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The Big 5: Doctors threaten strike, Obasanjo’s movement adopts political party and other top stories

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These are the top stories you should be monitoring today.

Medical doctors, under the umbrella body of Nigerian Medical Association (NMA), warned of impending strike should the Federal Government accede to some of the demands of striking health workers – Joint Health Sector Union (JOHESU), which has been extended to the states and local councils.

The NMA stated in a statement yesterday that it “painfully wishes to inform the Federal Government that any award to the non-medically qualified health professionals that violates the January and July agreements of 2014 shall result in the resumption of the suspended withdrawal of service. Please take this as a notice sir.”


The Federal High Court sitting in Abuja yesterday nullified the suspension of Senator Ovie Omo-Agege, declaring it unconstitutional.

Justice Nnamdi Dimbga while delivering judgment in the suit filed by Omo-Agege (Delta Central) challenging his suspension, held that the reason given by the Senate and Senate President Bukola Saraki for suspending Omo-Agege was unconstitutional.

Justice Dimgba also ordered the Senate to pay Omo-Agege outstanding salaries or allowances which were due to him during the period of the suspension.

The Senate has, however, filed a notice of appeal and a stay of execution on a High Court judgement nullifying the suspension of Omo-Agege.

The Senate said the suspension was not because of Omo-Agege’s comments on the election re-order but for his move of approaching the court over the matter.

Access to court is a constitutional right which cannot be taken away,” Dimgba said.


The Coalition of Nigeria Movement (CNM) formed by former Nigerian President, Olusegun Obasanjo, has adopted a political party.

Obasanjo announced at a press conference on Thursday that the movement had adopted “a renewed and reinvigorated African Democratic Congress, ADC.”

He, however, announced that he would not be a member of the ADC.


The governor of Imo and chairman of the All Progressives Congress Governor’s Forum, Rochas Okorocha, has said his party has derailed and now practises “Peoples Democratic Party kind of politics.”

Okorocha was at an event to show his support for the former governor of Edo, Adams Oshiomole, and endorse his declaration to run for office of national chairman of the party.

Okorocha said he believes in Oshiomhole’s capacity to address some issues in the party.

Another thing I think Oshiomole will address is that our party has begun to play the same kind of politics like PDP. All of a sudden we have started derailing and playing the PDP kind of politics.”


The Federal Ministry of Health has declared the Lassa fever outbreak ravaging the country over.

The Minister of Health, Isaac Adewole, in Abuja on Thursday said the announcement follows the epidemiological review by the Nigeria Centre for Disease Control (NCDC) and the World Health Organisation (WHO).

He said the emergency phase of the Lassa fever outbreak is over.

This is coming after four and half months of the country combating the disease in 22 states.


And… stories from around the world.

The US has imposed sanctions on six people and three companies it says have ties to Iran‘s elite military force, the Revolutionary Guard Corps (IRGC).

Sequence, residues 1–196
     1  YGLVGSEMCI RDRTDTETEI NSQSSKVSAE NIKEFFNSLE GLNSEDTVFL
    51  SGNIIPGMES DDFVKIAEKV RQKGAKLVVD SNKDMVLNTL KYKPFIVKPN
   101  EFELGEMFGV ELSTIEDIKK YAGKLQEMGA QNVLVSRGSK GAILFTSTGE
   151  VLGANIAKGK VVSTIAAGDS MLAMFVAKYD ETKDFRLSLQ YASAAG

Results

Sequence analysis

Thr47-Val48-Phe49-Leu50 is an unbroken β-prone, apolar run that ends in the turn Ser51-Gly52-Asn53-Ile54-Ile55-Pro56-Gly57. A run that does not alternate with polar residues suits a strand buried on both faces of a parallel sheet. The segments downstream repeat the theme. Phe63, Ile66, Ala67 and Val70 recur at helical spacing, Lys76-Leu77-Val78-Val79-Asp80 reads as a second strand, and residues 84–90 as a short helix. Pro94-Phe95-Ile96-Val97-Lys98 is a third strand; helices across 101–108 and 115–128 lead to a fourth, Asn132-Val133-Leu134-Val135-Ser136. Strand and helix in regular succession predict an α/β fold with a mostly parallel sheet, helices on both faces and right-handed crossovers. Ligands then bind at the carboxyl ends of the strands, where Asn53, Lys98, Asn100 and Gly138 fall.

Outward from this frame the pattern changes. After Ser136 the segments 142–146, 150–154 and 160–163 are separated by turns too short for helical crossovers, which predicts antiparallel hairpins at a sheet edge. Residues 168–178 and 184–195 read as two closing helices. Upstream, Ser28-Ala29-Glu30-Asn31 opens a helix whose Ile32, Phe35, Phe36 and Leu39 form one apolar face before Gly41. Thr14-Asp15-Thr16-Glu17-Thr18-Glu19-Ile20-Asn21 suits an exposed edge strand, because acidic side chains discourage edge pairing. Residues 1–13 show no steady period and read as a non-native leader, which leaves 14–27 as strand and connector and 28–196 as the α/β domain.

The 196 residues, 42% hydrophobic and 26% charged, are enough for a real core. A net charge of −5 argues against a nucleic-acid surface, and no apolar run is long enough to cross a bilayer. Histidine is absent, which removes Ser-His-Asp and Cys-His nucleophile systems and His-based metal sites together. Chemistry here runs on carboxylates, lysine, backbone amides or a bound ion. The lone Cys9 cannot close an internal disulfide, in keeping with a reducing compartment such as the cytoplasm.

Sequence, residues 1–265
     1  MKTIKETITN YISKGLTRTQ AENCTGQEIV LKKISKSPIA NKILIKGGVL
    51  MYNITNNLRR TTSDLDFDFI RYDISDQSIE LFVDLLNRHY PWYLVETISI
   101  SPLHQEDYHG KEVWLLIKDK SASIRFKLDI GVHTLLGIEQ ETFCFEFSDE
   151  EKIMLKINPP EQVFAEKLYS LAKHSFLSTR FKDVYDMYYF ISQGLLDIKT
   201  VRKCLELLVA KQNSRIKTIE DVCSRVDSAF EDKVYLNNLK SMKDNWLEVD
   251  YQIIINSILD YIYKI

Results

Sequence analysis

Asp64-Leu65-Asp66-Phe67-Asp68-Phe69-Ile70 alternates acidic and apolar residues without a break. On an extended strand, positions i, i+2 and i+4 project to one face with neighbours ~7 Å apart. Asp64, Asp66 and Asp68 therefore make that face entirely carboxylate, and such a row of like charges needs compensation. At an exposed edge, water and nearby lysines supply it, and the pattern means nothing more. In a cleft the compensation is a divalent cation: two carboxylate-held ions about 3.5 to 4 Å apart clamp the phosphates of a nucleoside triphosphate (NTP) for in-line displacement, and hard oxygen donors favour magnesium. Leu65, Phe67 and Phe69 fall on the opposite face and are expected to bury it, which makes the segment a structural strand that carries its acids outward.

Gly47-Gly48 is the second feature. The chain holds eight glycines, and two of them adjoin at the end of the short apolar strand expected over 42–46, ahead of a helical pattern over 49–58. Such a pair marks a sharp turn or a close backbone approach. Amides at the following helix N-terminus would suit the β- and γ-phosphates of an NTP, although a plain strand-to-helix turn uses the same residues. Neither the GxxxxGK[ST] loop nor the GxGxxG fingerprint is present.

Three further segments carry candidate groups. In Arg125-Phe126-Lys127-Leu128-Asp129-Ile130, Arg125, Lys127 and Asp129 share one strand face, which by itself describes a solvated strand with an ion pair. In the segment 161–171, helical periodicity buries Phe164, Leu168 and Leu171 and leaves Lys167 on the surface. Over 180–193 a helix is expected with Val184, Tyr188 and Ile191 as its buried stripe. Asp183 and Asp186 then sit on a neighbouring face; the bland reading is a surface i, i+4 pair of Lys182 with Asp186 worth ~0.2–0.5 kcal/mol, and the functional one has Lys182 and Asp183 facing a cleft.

Treasury Secretary Steven Mnuchin said the penalties targeted those who had funnelled millions of dollars to the group, funding its “malign activity”.

Iran’s central bank helped the IRGC to access US dollars via “a large-scale currency exchange network,” he said.

The Treasury Department said all six individuals were Iranian.


At least 41 people have died after heavy rains caused a dam to burst in Kenya, sweeping away homes across a vast area of farmland.

The breach happened on Wednesday near the town of Solai, 190km (120 miles) north-west of the capital, Nairobi.

The dead are thought to include children and women trapped in mud.


The Pulitzer prize board has said it will launch an independent review of the misconduct allegations against Junot Díaz, and that the author will relinquish the role of chairman of the board.

The board said in a statement on Thursday that Díaz, a Pulitzer prize-winning author and creative writing professor, had asked to relinquish the chairman role, to which he was elected in April on the basis of seniority.


An MP from Japan’s governing party has said women should have multiple children and warned those who preferred to remain single that they would become a burden on the state later in life.

Kanji Kato, a member of prime minister Shinzo Abe’s Liberal Democratic party, told a party faction meeting that when he is asked to give speeches at wedding receptions, he encourages the bride and groom to produce “at least three children”.

When he encounters young women who say they do not intend to marry, Kato, who has six children and eight grandchildren, said: “I tell them that if they don’t get married then they won’t be able to have children, and that they’ll end up in a care home paid for with the taxes of other people’s children.”


A 19-year-old Sudanese woman has been condemned to death by a court in Omdurman for stabbing to death the husband to whom she was forcibly married, who she says raped her with assistance of his family.

The death penalty for Noura Hussein was confirmed by a judge on Thursday after her husband’s family rejected the possibility of financial compensation and instead asked for her to be executed.

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